Publication: Monitor Volume: 7 Issue: 48

Control over the Media-Most holding may be on the verge of shifting from its founder and chief, Vladimir Gusinsky, to its main creditor, the 38-percent state-owned company Gazprom, and a consortium of Western investors. Yevgeny Kiselev, general director of NTV, Media-Most’s flagship television channel, and host of Itogi, NTV’s influential weekly news analysis program, told the Spanish newspaper Mundo that Gusinsky and other Media-Most officials met at the end of last week with CNN founder Ted Turner, financier George Soros and other members of an investment consortium which has expressed interest in investing in Media-Most and particularly NTV. Kiselev told the Spanish paper that while he could not reveal details of the negotiations, “substantial progress” had been made in the talks and an agreement concerning “the sale of a part of NTV’s shares” was “more real than it’s ever been” (Russian agencies, March 8).

Meanwhile, Alfred Kokh, who heads Gazprom’s media arm, has been in the United States putting forward his company’s spin on its conflict with Gusinsky, which corresponds to President Vladimir Putin’s view of it–that is, that it is strictly a commercial conflict, not a political one. Kokh said yesterday that he had been in meetings this week at the U.S. State Department and had discussed the situation surrounding NTV and the issue of press freedom in Russia with members of President George W. Bush’s National Security Council. Kokh said they had also discussed the Turner-Soros consortium’s bid to invest in NTV. Earlier this week, Kokh said he was ready to support that consortium’s investment in NTV, but only if it was not aimed against Gazprom’s interests, was completely transparent and did not allow anyone to exercise control over NTV “singlehandedly”–an apparent reference to Gusinsky. Kokh said that if Gusinsky were to turn down the Turner-Soros consortium’s offer, Gazprom-Media would either “quickly and effectively take control” of NTV through various lawsuits which remain to be adjudicated, or, if the legal wrangling ended up taking a long time, NTV would most likely end up being declared bankrupt and losing its license (Russian agencies, March 6-8).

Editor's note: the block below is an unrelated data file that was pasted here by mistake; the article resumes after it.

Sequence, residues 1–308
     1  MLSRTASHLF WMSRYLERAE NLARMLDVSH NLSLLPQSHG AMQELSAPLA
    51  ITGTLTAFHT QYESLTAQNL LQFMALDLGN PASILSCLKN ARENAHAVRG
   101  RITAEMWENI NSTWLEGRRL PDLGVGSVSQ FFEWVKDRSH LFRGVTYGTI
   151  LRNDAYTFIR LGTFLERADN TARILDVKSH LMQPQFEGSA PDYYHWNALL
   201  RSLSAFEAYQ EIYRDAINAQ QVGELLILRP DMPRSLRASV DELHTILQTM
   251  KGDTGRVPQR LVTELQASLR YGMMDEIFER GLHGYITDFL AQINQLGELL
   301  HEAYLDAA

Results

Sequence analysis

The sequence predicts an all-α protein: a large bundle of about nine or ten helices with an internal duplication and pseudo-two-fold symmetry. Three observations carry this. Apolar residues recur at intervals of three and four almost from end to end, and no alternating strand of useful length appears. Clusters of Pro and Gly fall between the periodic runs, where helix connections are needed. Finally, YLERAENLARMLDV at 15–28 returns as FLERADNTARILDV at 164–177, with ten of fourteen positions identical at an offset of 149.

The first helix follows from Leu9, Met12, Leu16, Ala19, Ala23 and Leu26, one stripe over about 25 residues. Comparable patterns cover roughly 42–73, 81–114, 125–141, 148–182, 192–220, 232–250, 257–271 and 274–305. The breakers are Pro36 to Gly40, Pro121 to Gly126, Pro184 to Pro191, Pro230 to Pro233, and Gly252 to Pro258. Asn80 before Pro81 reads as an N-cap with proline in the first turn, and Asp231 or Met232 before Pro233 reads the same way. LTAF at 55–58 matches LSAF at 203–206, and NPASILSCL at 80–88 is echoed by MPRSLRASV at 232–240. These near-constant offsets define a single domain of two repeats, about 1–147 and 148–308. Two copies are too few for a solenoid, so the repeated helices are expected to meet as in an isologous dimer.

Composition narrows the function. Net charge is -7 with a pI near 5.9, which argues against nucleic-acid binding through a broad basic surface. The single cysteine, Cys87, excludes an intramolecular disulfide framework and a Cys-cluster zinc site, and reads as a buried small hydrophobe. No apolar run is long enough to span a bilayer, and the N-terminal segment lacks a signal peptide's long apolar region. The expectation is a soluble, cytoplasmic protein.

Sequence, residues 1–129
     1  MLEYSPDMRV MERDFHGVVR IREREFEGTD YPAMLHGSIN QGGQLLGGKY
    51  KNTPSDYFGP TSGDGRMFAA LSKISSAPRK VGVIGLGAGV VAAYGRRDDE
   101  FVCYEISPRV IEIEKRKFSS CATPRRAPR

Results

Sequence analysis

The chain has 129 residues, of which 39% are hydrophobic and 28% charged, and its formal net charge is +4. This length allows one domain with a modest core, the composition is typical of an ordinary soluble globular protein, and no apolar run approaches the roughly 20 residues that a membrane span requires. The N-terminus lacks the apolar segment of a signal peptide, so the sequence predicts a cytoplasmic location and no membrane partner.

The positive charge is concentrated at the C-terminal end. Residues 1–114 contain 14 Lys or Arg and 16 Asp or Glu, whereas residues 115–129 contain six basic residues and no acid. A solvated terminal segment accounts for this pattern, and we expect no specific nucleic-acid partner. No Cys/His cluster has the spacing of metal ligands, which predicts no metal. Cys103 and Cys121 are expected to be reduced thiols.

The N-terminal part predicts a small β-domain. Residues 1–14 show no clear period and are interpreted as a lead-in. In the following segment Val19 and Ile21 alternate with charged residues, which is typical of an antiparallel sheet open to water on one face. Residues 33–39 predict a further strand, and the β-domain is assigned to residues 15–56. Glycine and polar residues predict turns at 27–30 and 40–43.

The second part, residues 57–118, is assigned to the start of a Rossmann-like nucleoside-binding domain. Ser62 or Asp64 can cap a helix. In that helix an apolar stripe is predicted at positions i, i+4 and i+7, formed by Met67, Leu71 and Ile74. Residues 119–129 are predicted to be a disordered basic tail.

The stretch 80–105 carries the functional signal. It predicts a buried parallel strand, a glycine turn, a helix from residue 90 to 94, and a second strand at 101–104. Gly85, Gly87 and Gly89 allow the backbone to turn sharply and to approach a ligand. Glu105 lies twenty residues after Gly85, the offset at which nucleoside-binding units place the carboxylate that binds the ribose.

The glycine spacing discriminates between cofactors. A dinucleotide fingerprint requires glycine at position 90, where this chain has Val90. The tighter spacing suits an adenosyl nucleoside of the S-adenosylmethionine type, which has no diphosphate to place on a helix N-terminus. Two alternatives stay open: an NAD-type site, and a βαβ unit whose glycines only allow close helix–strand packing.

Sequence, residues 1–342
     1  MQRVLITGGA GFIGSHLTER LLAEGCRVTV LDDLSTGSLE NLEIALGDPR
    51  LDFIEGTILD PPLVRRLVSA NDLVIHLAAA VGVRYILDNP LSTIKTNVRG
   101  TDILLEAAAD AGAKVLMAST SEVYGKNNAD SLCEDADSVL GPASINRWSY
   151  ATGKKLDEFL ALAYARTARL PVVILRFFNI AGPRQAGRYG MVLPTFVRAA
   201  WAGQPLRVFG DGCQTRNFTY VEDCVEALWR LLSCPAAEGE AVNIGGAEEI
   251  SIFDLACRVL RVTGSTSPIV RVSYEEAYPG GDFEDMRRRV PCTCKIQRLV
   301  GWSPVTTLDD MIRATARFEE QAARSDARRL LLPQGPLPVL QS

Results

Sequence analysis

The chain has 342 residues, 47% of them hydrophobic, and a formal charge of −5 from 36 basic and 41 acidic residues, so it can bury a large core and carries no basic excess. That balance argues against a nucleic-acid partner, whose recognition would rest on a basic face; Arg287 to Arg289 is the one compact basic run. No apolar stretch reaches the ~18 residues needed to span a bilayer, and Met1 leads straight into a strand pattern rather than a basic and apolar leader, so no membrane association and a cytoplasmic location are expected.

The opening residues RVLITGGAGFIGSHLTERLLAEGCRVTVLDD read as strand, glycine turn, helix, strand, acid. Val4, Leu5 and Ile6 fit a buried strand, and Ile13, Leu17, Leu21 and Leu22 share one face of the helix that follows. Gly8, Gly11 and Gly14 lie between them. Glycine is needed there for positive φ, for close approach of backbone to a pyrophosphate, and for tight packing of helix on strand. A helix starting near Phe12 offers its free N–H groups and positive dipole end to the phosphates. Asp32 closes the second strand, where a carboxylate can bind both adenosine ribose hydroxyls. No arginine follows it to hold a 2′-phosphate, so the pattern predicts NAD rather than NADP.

All this suggests that NTV, perhaps along with other Media-Most outlets, will soon be taken over by Gazprom-Media and the consortium led by Ted Turner and George Soros, leaving Gusinsky with a minor role or forced out altogether. The key remaining question is whether the participation of Turner and Soros will be able to ensure that NTV and other Media-Most outlets remain independent of Kremlin pressure on their editorial decisions, either directly or via Gazprom–a guarantee which Turner has unsuccessfully tried to elicit from President Vladimir Putin. The fact that one of the participants in the Turner-Soros consortium is Grigory Berezkin–a Russian oilman who reportedly maintains close ties two Kremlin-connected oligarchs, Chukotka Governor Roman Abramovich and Moscow banker Aleksandr Mamut–could be troubling from the point of view of maintaining NTV’s independence, particularly if Berezkin is the Western investors’ main channel for information about what is going on with Media-Most (see the Monitor, February 19, 22). An important test will be if and how the new owners decide to change NTV’s board of directors, and in particular whether Kiselev, who has been a vocal critic of Kremlin policy, is removed from the board and/or his spot as host of Itogi.

In the meantime, there were reports this week that Media-Most’s weekly news magazine–which is also called Itogi and is a joint venture with the U.S. magazine Newsweek–and the daily newspaper Segodnya, may soon be removed from Seven Days, Media-Most’s publishing house, and put under Gazprom-Media’s control. Gusinsky now controls a 50 percent-minus-one-share stake in Seven Days, with Gazprom in control of a 25 percent-plus-one-share stake in the publishing house and Dmitry Birykov, Seven Days’ general director, holding a 25-percent stake. The website yesterday quoted a source in Media-Most as saying that Birykov had switched loyalties to Gazprom and thus that Gazprom-Media would soon get a controlling stake in Seven Days. Gazprom-Media’s Kokh reportedly plans to get rid of the newspaper while forcing the magazine to change its editorial line. Both publications are said to have been either losing money or breaking even (, March 7). Gusinsky remains under house arrest in Spain, where he was detained on a warrant from the Russian Prosecutor General’s Office, which wants him extradited to face charges of large-scale fraud. A Spanish court hearing on the Russian extradition request that was scheduled for yesterday was postponed until next week (Russian agencies, March 7).